But one thing I haven’t done is blog about Rails performance from a perspective of experience. But tripling in traffic for a few months in a row has a way of changing that.
So now I’m a real Rails performance guy. Ask me anything about Rails performance, and I’ll tell you to get back to me in a couple months, because this aint’ exactly yellowpages.com that I’m running here. BUT, these are the lessons and facts from our first few months of operation:
- One combined Rails server+Mysql slice at Slicehost is handling about 3000 daily visits and 30,000 daily pageviews (on a highly real time, interactive site) with relative ease. Almost all pageviews less than 2 seconds, most less than 1.
- Memcached saves our ass repeatedly
- Full text searching (we’re using Thinking Sphinx) saves our ass repeatedly
- BackgroundRb will ruin your life, cron-scheduled rake tasks will save it
- Database ain’t nothing but a chicken wing with indexing
Now there are five salient observations to take from a growing site, but you notice that it was the last one that I chose to single out in the title of this blog? Why? Because, if I called this entry “Rails Performance Blog,” your eyes would glaze over and you’d wouldn’t be able to read through the hazy glare.
Why else? Because the day I spent indexing our tables was the only time in the history of Bonanzle that I will ever bring forth a sitewide 2x-3x performance increase within about 4 hours time. God damn that was a fantastic day. I spent the second half of it writing airy musings to my girlfriend and anyone who would listen about how much fun web sites are to program. Then I drank beer and went rafting. Those who haven’t indexed their DB lately: don’t you hate me and want to be like me more than you ever have before?
Well, I can’t help you with the former, but the latter, that we can work on.
- Download Query Analyzer
- Delete your development.log file. Start your site in development mode. Go to your slowest page. Open your development.log file in an editor that can automatically update as the file changes.
- Look through the queries your Rails site is making. Any query where the “type” column reads “ALL” is a query on which you are searching every row of your database to satisfy the query. Hundreds of rows? OK, whatever. Thousands of rows? Ouch. Tens of thousands of rows (or more)? Your request might never be heard from again.
- Create indexes to make those “ALL”s go away. Adding an index in Rails is the simplest thing ever. In a migration: add_index :table_name, :column_name and you’re done. remove_index :table_name, :column_name and you’re undone.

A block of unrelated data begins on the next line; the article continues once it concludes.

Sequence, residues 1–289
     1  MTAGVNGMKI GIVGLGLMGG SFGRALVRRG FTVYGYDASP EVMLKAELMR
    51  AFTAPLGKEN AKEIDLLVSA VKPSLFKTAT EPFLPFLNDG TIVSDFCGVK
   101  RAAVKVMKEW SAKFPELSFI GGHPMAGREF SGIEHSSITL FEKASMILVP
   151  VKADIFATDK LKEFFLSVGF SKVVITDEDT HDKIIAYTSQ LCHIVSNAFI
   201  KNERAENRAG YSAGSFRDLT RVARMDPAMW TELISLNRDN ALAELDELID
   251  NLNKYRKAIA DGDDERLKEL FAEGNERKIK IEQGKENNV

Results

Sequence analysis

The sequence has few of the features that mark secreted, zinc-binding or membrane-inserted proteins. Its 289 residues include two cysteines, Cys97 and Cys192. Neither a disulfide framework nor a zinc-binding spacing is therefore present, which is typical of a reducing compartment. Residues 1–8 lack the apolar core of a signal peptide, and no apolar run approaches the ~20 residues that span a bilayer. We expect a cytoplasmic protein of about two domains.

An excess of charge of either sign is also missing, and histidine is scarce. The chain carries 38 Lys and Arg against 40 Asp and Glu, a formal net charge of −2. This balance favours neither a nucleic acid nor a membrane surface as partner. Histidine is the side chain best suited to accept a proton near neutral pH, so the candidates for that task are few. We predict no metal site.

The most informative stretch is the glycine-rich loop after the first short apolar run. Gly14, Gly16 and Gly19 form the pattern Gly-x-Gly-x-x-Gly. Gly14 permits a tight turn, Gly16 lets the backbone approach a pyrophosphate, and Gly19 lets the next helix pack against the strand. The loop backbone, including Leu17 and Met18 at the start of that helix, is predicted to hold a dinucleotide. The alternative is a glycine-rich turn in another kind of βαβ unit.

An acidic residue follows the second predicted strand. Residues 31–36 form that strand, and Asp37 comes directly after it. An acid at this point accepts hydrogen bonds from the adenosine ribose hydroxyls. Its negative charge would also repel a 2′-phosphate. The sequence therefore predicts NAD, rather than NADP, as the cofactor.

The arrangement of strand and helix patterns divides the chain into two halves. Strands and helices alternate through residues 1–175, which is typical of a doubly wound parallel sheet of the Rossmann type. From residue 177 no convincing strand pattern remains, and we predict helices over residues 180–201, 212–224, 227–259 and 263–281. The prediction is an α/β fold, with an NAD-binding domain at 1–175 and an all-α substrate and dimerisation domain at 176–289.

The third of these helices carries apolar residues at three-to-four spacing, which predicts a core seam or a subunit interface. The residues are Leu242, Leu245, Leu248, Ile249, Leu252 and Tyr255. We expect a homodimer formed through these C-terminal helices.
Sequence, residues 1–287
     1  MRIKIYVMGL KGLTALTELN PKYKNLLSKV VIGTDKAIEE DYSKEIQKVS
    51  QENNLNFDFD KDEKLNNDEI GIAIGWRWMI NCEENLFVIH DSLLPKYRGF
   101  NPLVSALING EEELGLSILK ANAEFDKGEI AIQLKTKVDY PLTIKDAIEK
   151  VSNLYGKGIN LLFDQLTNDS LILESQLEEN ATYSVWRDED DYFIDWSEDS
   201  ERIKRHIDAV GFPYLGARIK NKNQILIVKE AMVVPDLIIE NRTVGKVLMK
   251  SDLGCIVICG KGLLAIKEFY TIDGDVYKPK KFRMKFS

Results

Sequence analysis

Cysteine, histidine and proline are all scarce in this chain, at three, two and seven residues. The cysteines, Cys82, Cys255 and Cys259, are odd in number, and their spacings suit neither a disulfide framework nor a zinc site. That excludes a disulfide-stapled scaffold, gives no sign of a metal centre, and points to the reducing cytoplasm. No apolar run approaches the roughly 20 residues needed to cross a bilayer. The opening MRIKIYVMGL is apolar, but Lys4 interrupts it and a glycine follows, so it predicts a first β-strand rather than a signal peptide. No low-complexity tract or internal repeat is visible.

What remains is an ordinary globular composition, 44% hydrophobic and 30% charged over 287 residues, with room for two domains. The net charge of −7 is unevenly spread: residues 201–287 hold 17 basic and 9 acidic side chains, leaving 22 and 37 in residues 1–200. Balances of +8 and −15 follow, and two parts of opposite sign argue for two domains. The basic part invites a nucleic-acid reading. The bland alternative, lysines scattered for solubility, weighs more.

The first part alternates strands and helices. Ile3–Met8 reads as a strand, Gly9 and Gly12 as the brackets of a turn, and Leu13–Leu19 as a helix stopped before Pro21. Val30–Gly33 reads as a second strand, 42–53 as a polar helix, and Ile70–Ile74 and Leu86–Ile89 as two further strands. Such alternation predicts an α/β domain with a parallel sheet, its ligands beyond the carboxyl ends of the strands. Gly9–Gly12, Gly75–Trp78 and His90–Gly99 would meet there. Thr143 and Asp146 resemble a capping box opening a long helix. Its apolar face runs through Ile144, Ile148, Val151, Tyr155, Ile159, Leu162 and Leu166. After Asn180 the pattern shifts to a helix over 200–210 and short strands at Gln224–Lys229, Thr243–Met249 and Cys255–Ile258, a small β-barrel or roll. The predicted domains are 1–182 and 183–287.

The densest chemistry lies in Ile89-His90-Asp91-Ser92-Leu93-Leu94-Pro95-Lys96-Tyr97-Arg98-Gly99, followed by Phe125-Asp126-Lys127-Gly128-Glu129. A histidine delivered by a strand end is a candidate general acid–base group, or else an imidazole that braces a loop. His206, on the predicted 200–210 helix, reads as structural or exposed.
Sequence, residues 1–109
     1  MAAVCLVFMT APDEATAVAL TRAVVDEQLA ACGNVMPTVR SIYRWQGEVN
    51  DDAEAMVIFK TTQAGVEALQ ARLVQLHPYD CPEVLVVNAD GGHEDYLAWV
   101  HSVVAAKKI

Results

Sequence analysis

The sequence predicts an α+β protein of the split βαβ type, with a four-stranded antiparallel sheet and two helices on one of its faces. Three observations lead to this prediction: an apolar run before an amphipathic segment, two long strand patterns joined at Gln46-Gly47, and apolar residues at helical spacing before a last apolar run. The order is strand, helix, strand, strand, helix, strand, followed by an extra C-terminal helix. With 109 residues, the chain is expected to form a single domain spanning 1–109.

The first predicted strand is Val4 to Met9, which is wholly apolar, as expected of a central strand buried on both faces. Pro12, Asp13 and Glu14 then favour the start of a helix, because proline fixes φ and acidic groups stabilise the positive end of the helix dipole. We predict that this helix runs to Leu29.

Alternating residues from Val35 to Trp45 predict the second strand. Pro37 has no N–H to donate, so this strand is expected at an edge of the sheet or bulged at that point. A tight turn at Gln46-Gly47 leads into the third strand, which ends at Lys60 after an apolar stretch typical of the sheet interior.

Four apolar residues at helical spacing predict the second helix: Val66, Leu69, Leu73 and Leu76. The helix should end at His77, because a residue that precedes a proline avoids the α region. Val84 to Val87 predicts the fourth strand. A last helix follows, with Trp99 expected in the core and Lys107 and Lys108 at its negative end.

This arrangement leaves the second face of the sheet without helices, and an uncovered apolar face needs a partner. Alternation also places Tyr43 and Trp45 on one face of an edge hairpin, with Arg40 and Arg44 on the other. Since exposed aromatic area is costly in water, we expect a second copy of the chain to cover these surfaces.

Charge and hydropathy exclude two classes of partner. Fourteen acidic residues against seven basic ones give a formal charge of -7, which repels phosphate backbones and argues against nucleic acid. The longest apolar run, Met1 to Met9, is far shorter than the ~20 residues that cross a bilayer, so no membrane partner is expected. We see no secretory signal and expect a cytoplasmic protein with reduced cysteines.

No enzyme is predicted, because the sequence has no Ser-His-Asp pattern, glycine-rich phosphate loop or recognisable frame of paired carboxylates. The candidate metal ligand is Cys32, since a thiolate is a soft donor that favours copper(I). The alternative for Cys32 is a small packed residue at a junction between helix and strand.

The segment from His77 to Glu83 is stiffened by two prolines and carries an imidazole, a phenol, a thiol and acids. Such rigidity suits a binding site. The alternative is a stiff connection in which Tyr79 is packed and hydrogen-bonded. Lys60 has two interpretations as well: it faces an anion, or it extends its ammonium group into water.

- Observe that, at least for MySql, queries where you are filtering for more than one attribute in your where clause (e.g., select * from items where status = “active” and hidden = false) are still slow if you create indexes for “status” and “hidden.” Why? I think it’s because the DB ORs them together to find its results. But I don’t know the exact reason, nor do I care. What I do know is that an add_index :items, [:status, :hidden] creates a compound attribute that will get you back to log(n) time in making queries with compound where clauses.
Now, if you are like me or the 50 people in the Rails wiki and forums that learn about this crazy wonderful thing called “indexes,” your first question is “Indexing sounds pretty bangin. Why not just index the hell out of everything?”
Answer: Them indexes aren’t immaculately conceived, son. Every index you create has to be generated and maintained. So the more indexes you create, the more overhead there is to inserting or deleting records from your table. Of course, most queries on most sites are read queries, so you will make up the extra insert/delete time by 10x or more, but if you were to go buck wild and index the farm, you probably wouldn’t be much better off on balance than if you indexed nothing at all. You see why downloading Query Analyzer was the first step?
The general rule that is given on indexes is that most any foreign key should be indexed, and any criteria upon which you regularly search or sort should be indexed. That’s worked well for us. For tables with less than 500 rows, I usually get lazy and don’t do any indexing, and that seems fine. But assuredly, if you’re working on a table with 1,000 or more rows and you’re querying for columns that aren’t indexed, you are 15 minutes away from a beer-enabling, management-impressing performance optimization that would make Ferris Bueller proud.